2) Attorney-Client Privilege
In addition to failing to state claim under Florida law, plaintiffs' fourth cause of action is deficient because it is impermissibly based on attorney-client privileged materials. Plaintiffs claim that GM is liable for failure to disclose communications made between Mr. Edward Ivey, the GM engineer who prepared the cost-benefit analysis, and GM's counsel. These communications, however, are protected by the attorney-client privilege and cannot give rise to a duty to warn. See Upjohn Co. v. United States, 449 U.S. 383, 101 S. Ct. 677, 66 L. Ed. 2d 584 (1981) (holding that attorney-client privilege extends to communications between corporate counsel and corporate employees); Fla. Stat. § 90.502 (1987).
Plaintiffs argue that the crime-fraud exception to the attorney-client privilege applies to the communications between Mr. Ivey and GM counsel. The attorney-client privilege does not apply where "[t]he services of the lawyer were sought or obtained to enable or aid anyone to commit or plan to commit what the client knew was a crime or fraud." Fla. Stat. § 90.502(4) (a) (1987). To come within the crime-fraud exception, plaintiffs "must allege and produce prima facie evidence that [GM] affirmatively sought the advice of counsel to procure a fraud." Florida Mining and Materials Corporation v. Continental Casualty Company, 556 So. 2d 518, 519 (Fla. 2nd DCA 1990). Plaintiffs argue that a paragraph in a document prepared by GM's counsel referring to a discussion with Mr. Ivey about the cost-benefit analysis provides prima facie evidence of a "violation that was ongoing or about to be committed." (Doc. 7, Pl. Resp. at 18). However, after a review of the document entitled "Interview with Edward C. Ivey, November 3, 1981" the court finds that the language cited by the plaintiff is insufficient to vitiate the attorney-client privilege. The document does not satisfy the plaintiffs' burden of showing probable cause that a fraud was perpetrated or planned and that the attorney-client communications were in furtherance of the fraud. Therefore, plaintiffs' fourth cause of action, "intentional suppression/failure to warn," must be dismissed because it is based on the failure to disclose communications between GM counsel and a GM employee which are protected by the attorney-client privilege.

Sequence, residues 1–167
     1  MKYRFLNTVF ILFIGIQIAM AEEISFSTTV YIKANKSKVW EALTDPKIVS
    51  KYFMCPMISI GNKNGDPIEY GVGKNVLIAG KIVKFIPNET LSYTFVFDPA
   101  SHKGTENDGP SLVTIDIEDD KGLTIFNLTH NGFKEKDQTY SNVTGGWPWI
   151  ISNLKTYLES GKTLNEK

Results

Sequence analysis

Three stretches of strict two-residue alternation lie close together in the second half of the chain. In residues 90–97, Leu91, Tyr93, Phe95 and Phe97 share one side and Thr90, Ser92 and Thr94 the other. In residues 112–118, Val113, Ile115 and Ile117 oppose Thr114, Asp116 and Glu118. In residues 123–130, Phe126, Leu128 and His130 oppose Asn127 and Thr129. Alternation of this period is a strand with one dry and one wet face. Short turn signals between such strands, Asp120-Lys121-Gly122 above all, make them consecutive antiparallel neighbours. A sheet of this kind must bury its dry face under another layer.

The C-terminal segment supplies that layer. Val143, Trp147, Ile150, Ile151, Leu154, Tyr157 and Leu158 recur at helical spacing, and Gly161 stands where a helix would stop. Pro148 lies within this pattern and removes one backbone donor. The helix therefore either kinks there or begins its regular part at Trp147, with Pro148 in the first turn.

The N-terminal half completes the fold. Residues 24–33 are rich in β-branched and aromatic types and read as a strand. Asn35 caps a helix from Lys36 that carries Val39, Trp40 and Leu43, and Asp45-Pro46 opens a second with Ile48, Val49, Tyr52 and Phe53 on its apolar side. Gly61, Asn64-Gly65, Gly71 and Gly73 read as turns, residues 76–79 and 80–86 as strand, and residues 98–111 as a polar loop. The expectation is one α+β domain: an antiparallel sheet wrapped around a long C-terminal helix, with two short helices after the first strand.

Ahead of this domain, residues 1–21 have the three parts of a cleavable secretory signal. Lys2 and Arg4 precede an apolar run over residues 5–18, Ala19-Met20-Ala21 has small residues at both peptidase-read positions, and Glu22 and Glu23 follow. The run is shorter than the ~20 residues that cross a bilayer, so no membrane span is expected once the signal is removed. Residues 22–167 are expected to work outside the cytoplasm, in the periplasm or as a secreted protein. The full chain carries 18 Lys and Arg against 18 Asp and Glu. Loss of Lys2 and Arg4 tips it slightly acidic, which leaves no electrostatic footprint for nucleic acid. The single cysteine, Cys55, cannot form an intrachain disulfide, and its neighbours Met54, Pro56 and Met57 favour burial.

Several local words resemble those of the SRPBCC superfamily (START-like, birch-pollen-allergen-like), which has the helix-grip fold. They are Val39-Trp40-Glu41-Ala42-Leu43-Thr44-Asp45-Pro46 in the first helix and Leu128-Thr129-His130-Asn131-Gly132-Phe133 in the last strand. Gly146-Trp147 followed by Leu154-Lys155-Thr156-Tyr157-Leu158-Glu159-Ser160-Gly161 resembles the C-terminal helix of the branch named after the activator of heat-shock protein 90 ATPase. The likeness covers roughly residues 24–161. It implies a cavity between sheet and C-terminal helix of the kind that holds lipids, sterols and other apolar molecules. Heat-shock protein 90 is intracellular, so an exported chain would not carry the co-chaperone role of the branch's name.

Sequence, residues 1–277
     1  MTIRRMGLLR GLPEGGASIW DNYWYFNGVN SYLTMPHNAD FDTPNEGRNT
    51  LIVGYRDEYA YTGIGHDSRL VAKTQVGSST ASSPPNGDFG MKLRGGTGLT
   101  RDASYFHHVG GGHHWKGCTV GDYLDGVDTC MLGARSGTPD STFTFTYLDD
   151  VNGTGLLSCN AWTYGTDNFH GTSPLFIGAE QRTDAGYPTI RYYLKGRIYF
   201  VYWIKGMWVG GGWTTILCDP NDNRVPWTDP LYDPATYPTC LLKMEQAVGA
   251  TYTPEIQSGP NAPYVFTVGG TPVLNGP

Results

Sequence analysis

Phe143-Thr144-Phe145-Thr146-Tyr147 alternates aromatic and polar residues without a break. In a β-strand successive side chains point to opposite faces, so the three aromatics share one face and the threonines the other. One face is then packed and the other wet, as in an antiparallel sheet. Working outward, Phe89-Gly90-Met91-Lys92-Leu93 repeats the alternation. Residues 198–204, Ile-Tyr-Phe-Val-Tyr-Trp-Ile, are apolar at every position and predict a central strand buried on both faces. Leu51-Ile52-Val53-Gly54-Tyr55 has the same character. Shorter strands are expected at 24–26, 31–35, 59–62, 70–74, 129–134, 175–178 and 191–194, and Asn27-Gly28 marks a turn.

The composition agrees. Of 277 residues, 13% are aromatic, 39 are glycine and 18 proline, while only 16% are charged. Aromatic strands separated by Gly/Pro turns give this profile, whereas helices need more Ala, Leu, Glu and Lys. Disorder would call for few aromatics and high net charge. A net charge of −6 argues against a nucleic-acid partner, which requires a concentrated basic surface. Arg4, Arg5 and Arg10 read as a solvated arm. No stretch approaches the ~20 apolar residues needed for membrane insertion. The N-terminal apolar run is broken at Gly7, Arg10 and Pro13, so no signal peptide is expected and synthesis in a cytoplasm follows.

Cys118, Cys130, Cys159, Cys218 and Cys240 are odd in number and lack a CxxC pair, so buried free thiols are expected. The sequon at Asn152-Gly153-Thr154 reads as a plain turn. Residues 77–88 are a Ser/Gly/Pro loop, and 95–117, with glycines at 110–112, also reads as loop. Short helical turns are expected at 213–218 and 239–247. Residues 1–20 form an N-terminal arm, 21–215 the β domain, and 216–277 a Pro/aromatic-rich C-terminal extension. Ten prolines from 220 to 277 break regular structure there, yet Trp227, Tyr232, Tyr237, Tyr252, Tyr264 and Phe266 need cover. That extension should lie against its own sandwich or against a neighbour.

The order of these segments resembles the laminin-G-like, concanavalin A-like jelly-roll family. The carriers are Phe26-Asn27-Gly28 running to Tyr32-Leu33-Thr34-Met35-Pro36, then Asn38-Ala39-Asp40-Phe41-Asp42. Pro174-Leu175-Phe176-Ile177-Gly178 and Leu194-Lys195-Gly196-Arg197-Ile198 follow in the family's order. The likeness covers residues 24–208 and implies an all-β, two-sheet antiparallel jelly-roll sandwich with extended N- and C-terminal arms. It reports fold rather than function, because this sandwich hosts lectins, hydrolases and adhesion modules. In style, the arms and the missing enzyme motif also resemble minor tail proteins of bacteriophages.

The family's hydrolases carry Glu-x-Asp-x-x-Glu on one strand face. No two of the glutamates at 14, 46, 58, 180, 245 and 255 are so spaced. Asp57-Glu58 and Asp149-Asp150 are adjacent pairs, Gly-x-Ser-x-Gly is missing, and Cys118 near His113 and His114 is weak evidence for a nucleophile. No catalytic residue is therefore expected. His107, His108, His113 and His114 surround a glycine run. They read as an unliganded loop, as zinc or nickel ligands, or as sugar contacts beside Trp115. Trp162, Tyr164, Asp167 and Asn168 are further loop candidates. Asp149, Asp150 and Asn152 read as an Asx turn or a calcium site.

3) Rule 8
Defendant also requests that parts of Counts I, II, and III in plaintiffs' complaint be stricken for failure to comport with Rule 8 of the Federal Rules of Civil Procedure. Rule 8 states that pleadings "shall be *1340 simple, concise, and direct." GM argues that plaintiffs' complaint contains evidentiary material, specifically references to exhibits, which are not short and concise statements of facts. Courts have stricken evidentiary detail from pleadings where it is unnecessary or prejudicial. See In re Beef Industry Anti-trust Litigation, 600 F.2d 1148, 1168-69 (5th Cir.1979). Defendants do not argue that the material is unnecessary or prejudicial but instead they contend that "[i]t is a violation of Rule 8 ... for the Plaintiffs to attach and cite to these documents in their Complaint." (Doc. 6, Def. Mtn. at 19). Federal Rule of Civil Procedure 10, however, permits plaintiffs to attach documents to their complaint as exhibits. Furthermore, the purpose of Rule 8 is to provide adequate notice to the defendant of the basis for the plaintiff's claims. See Krehling v. Baron, 900 F. Supp. 1574, 1577 (M.D.Fla.1995). Plaintiffs' Counts I, II, and III provide fair notice to the defendant of what the claims are and on what grounds they are based and therefore defendant's motion to strike must fail.
For the reasons set forth above, defendant's motion to dismiss Count IV for failure to state a claim (Doc. 6) is GRANTED. Accordingly, Count IV of plaintiffs' complaint is dismissed without prejudice. Furthermore, the court finds that Counts I, II, and III comply with Federal Rule of Civil Procedure 8 and therefore defendant's motion to strike (Doc. 6) is DENIED. The case shall proceed accordingly.